Heart of England
South of England
Torquay, located on the stunning English Riviera, is a thriving seaside resort and is part of UNESCO’s Global Geopark. This is a dynamic and Mediterranean-like town waiting to be discovered and enjoyed by all.
Torquay is the perfect destination for any traveller. There are plenty of beaches, with Torquay Beach and Torre Abbey Sands being located on the town’s doorstep. A 20-minute walk away is Meadfoot Beach, a shingle beach perfect for rock-pooling with children. Lunch with a glorious sea-view is available at Meadfoot Beach Café. For the full seaside experience, hire deckchairs at Oddicombe Beach.
A trip to Kents Cavern is exciting for any visitor. A guided tour through the prehistoric caverns allows you to immerse yourself in Torquay’s geographic history. There are plenty of child-friendly activities, including the Woodland Trail featuring models of prehistoric animals. For older children, Tribal Code Breakers is an intriguing puzzle through the caverns, in which they must solve clues and break codes.
The history of Torquay is discoverable at several fascinating properties. At the Torquay Museum, visitors can see artefacts from the past, and be transported to Poirot’s study in the Agatha Christie gallery. This features furniture and props from the TV adaptation of the classic books. The Torre Abbey is a beautifully rustic and historic building displaying a diverse art collection. Cockington Court, an idyllic manor house surrounded by green space, is a 10-minute drive from the centre. This property has a Tudor rose garden, and visitors can watch glassblowing as well as work done by blacksmiths and chocolatiers.
The award-winning Babbacombe Model Village is located north of the town centre, so is accessible by car or on foot. This attraction is a must-see, as it has been featured on TV and commended for its unique experience. You can feel like a giant when walking through the intricately crafted village, but full-size cakes are available at the tearoom! If you’re visiting Babbacombe, visit the Babbacombe Theatre for a show in this renovated historic venue.
Torquay is renowned as being a town for foodies, where eateries range from French Cuisine at Bistrot Pierre, to traditional English fish and chips at Rockfish Torquay. Being part of England’s Seafood Coast makes Torquay the ultimate place to enjoy a seafood dish. No.7 Fish Bistro is a family-owned business offering locally sourced seafood. Below Decks serves seafood alfresco with its seating on the harbour, immersing customers in marina life.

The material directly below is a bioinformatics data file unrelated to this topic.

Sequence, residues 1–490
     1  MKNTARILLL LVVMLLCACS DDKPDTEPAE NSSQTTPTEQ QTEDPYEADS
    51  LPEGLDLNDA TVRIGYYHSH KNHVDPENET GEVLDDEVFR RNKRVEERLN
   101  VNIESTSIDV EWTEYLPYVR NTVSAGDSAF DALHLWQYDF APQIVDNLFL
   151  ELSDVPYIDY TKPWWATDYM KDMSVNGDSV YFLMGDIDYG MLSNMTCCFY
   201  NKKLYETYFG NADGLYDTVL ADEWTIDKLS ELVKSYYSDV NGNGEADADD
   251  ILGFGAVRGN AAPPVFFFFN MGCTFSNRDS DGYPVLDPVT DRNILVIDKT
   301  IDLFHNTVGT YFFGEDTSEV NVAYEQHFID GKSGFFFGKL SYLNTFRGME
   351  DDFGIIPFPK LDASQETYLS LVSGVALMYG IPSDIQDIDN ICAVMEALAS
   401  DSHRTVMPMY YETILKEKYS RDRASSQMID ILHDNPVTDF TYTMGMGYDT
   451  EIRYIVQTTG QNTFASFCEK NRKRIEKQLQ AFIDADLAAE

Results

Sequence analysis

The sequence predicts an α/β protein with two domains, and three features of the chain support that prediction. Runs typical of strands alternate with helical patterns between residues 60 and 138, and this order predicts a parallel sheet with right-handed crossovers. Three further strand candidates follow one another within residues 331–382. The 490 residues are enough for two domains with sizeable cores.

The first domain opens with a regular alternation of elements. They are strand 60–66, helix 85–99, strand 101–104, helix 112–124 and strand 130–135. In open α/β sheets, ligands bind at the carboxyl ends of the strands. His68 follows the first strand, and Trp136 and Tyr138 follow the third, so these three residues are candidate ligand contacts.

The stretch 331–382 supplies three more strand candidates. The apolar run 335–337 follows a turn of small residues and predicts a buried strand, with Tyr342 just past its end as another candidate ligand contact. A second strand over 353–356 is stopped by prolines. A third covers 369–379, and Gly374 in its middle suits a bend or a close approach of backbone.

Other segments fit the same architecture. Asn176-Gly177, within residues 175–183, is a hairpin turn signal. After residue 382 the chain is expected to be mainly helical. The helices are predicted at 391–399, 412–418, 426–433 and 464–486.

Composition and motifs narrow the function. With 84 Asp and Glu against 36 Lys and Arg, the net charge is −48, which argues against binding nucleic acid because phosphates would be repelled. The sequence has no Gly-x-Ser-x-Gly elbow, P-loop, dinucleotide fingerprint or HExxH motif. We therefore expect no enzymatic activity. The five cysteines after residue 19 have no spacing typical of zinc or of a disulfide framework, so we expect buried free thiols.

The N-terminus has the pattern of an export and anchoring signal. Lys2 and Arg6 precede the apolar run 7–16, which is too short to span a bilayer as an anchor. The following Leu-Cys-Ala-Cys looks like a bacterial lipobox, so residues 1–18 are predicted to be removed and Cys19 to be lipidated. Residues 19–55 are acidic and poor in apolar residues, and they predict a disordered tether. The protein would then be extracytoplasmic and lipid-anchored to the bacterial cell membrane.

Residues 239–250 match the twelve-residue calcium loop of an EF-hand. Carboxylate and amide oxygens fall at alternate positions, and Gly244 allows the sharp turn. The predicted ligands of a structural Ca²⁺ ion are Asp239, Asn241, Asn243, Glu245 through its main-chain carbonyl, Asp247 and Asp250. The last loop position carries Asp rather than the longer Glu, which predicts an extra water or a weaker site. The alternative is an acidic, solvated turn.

For a cosy and family-friendly dinner, there is an assortment of pubs in town. The Wighton serves pub classics where a meal can be enjoyed in their secluded pub garden, and similarly, The Kents serves high-quality food in a homely environment. Travel to the outskirts of Torquay to Maidencombe to the picture-perfect Thatched Tavern for a traditional British pub lunch.
Dinner with live entertainment is available at Rock Garden, which serves American-style grill meals for those wanting something substantial. The Blue Walnut also hosts live events, ranging from poetry readings to live music. This café-bar has its own small cinema, as well as a private garden to enjoy drinks.
For a sophisticated and bespoke afternoon tea, visit The Imperial, a four-star Victorian hotel situated on the clifftops. Its position creates an incredible vista of the whole coastline, which pairs perfectly with a cup of tea and a scone.
There is a plethora of places in close proximity that tourists should make time for. Shaldon is a 20-minute drive away, where the beach overlooks a tidal sandbank where birdlife is abundant. Shaldon Wildlife Trust is an exciting day out for nature enthusiasts, where endangered animals are being conserved. Shaldon Castle, situated in the Botanical Gardens, is a beautiful property and makes for an interesting walk through history. A rustic meal in a refurbished stable at Café ODE is also recommended.
Being a seaside town, multiple locations are accessible by boat, which is a fantastic way to travel around the coast. A Geopark sightseeing cruise is a leisurely way of traversing the coastline and seeing the iconic Rock Wall’s vertical limestone cliff. Travellers can experience the rich diversity of the wildlife on the cliffs and beaches.
A boat trip to Brixham, or alternatively a half-an-hour drive, is an excellent day out. This fishing town has some amazing walks along coves overlooking the sea. Walking through Berry Head National Reserve to Berry Head headland takes you to a magnificent view of the sea, where there is a population of guillemots. Brixham’s Harbour has a bustling fish market, and fresh produce can be enjoyed at one of the many fish restaurants in town. Don’t miss out on visiting the Golden Hind Museum in the harbour, which offers an impressive experience of a boat belonging to Sir Francis Drake.